I was currently solving a question of permutations and in that I had to find the total ways of something. The answer was ${8\choose 4}$ which has last digit $0$ .

A random thought that came to my mind was that whether we had a manual way to compute the last digit of a number such as ${369\choose 233}$ . I know after $4!$ all have last digit $0$ but somehow it might be possible that it gets cancelled and we have last digit as $5$. I know basics of modular algebra but not much in deep so can you guys help. Thanks

  • $\begingroup$ Sorry, but is the bracket notation for number of permutations or for combinations? $\endgroup$ – N.S.JOHN Apr 9 '16 at 10:55
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    $\begingroup$ @N.S.JOHN: This is the standard notation for a binomial coefficient $\binom nk$, which counts the number of $k$-combinations of $n$ elements. $\endgroup$ – joriki Apr 9 '16 at 11:03
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    $\begingroup$ Combinations are represented by it $\endgroup$ – Archis Welankar Apr 9 '16 at 11:03
  • $\begingroup$ @joriki@Archis Welankar Thanks. $\endgroup$ – N.S.JOHN Apr 9 '16 at 11:06

The remainder of binomial coefficients with respect to primes is given by Lucas' theorem: For non-negative integers $m$ and $n$ and a prime $p$,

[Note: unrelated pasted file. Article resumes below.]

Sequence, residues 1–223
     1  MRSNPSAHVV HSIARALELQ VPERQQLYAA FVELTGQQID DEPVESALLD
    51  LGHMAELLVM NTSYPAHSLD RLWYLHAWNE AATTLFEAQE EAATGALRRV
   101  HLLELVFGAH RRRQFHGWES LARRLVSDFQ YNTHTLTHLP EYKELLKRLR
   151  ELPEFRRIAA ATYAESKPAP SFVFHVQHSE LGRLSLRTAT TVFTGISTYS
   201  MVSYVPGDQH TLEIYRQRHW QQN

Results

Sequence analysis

$$\binom{m}{n}\equiv\prod_{i=0}^k\binom{m_i}{n_i}\bmod p\;,$$

where $m_i$ and $n_i$ are the $i$-th digits of $m$ and $n$, respectively. To find the last digit of a binomial coefficient, we need its remainders modulo $2$ and $5$. For $\binom84$ we have

\begin{align} 8_{10}&=1000_2\;,\\ 4_{10}&=100_2\;,\\ 8_{10}&=13_5\;,\\ 4_{10}&=4_5\;, \end{align}


$$ \binom84\equiv\binom00\binom00\binom01\binom10\equiv0\bmod2 $$


$$ \binom84\equiv\binom34\binom10\equiv0\bmod5\;, $$

confirming that $\binom84\equiv0\bmod10$. For $\binom{369}{233}$ we have

\begin{align} 369_{10}&=101110001_2\;,\\ 233_{10}&=11101001_2\;,\\ 369_{10}&=2434_5\;,\\ 233_{10}&=1413_5\;, \end{align}


$$ \binom{369}{233}\equiv\binom11\binom00\binom00\binom01\binom10\binom11\binom11\binom01\binom10\equiv0\bmod2 $$

and $$\binom{369}{233}\equiv\binom43\binom31\binom44\binom21\bmod5\equiv4\bmod5\;,$$

yielding $\binom{369}{233}\equiv4\bmod10$, and indeed $\binom{369}{233}$ is

  • $\begingroup$ If we were trying to find if it was $0$, which was your previous answer, couldn't we also just check how much trailing $0$s the above and the below has(without using Lucas's Theorem)? $\endgroup$ – S.C.B. Apr 9 '16 at 10:51
  • $\begingroup$ @MXYMXY: No, it's not just the number of trailing $0$s. The remainder with respect to $p$ is zero if and only if some digit of $m$ (in base $p$) is greater than the corresponding digit of $n$. (This is a direct corollary of Lucas' theorem.) $\endgroup$ – joriki Apr 9 '16 at 11:00
  • $\begingroup$ Thanks thats really good way using binary $\endgroup$ – Archis Welankar Apr 9 '16 at 11:04

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